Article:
I agree, this is not as smooth as I would have preferred it to be but it works - and it helps designers understanding how icc colour management works.

Of course it is possible to deliver SMS colours in .ASE format - but only in their final CMYK format - only when the customer has decided on substrate and print standard / icc output profile. There are also advantages to this slightly cumbersome approach - for instance it is possible for SMS customers to order SMS colours that are suited for printing on Fogra 51 substrate but set up for printing according to Fogra 39 - which is actually quite common since most coated papertypes these days contains quite a lot of optical brighteners and are thus appropriate for printing according to Fogra 51, while a lot of printers are bluntly refusing to switch to the new Fogra 51 and Fogra 52 / ISO 12647-2-2013 because "their customers are happy with the current Fogra 39 and Fogra 47 prints" (and so the prints are always cooler than the proofs) + the constant reprint issue where printers are afraid to change anything or have a discussion with their old customers about making any changes + the theory that ISO 12647-2-2013 is a conspiracy by X-Rite and other manufacturers to sell more measuring devices...
 

bteifeld

Active member
Hey again, thank you for your comments, which are absolutely (pun intended) appreciated.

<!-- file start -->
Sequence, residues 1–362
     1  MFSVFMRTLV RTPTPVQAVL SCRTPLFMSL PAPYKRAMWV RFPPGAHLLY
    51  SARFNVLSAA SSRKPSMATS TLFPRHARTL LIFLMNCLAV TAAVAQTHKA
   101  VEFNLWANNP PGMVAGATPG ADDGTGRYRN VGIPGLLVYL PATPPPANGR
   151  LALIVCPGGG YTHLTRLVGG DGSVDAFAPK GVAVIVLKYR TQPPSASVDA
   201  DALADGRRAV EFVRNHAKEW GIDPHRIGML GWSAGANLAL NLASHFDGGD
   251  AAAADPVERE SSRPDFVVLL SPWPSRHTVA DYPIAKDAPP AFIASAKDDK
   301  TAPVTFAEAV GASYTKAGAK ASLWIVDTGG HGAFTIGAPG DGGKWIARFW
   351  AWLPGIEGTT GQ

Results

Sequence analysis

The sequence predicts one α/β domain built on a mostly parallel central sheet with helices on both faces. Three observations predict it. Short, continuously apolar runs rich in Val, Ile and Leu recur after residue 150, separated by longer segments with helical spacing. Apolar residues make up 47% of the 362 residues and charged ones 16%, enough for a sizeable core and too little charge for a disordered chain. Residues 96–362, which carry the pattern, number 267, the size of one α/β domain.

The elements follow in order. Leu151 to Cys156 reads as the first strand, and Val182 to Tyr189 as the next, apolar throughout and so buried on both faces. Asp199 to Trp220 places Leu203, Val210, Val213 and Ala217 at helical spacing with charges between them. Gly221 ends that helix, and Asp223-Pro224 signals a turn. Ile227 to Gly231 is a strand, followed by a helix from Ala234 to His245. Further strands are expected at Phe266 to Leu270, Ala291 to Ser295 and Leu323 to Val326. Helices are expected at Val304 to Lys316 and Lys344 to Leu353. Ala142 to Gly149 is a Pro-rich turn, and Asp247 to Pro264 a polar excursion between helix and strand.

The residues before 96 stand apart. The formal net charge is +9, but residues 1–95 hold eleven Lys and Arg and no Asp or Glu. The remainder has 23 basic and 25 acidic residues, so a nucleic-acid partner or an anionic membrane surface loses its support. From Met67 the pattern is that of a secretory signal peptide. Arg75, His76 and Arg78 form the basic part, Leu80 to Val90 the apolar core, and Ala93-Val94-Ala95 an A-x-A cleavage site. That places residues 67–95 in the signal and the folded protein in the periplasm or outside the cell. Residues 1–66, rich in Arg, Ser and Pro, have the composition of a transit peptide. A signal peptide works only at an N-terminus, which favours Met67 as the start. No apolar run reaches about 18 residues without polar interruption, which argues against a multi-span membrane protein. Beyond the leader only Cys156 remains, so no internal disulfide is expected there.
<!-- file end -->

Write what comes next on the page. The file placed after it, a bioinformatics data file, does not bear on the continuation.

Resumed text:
The Spot Matching System is a LAB based colour palette and it is always possible for users to get the LAB value of their colour(s). I have gotten quite a lot of comments concerning the spectral value part and that is in consideration. However since SMS colours are fixed to certain colour gamuts (sRGB, Rec. 709, Fogra and GRACoL CMYK gamuts, all of which are built and based on certain illumination and viewing angles, they are not intended to be judged with non-standard/custom lighting or viewing angles. At the same time it is always easy to take an SMS colour and use the LAB value of the colour to produce, - say a paint or a spot colour where you just need to define the target illumination and viewing angle for a visual match. I believe this should be possible using most modern colour mixing software where you have the spectral data of each colorant in the database.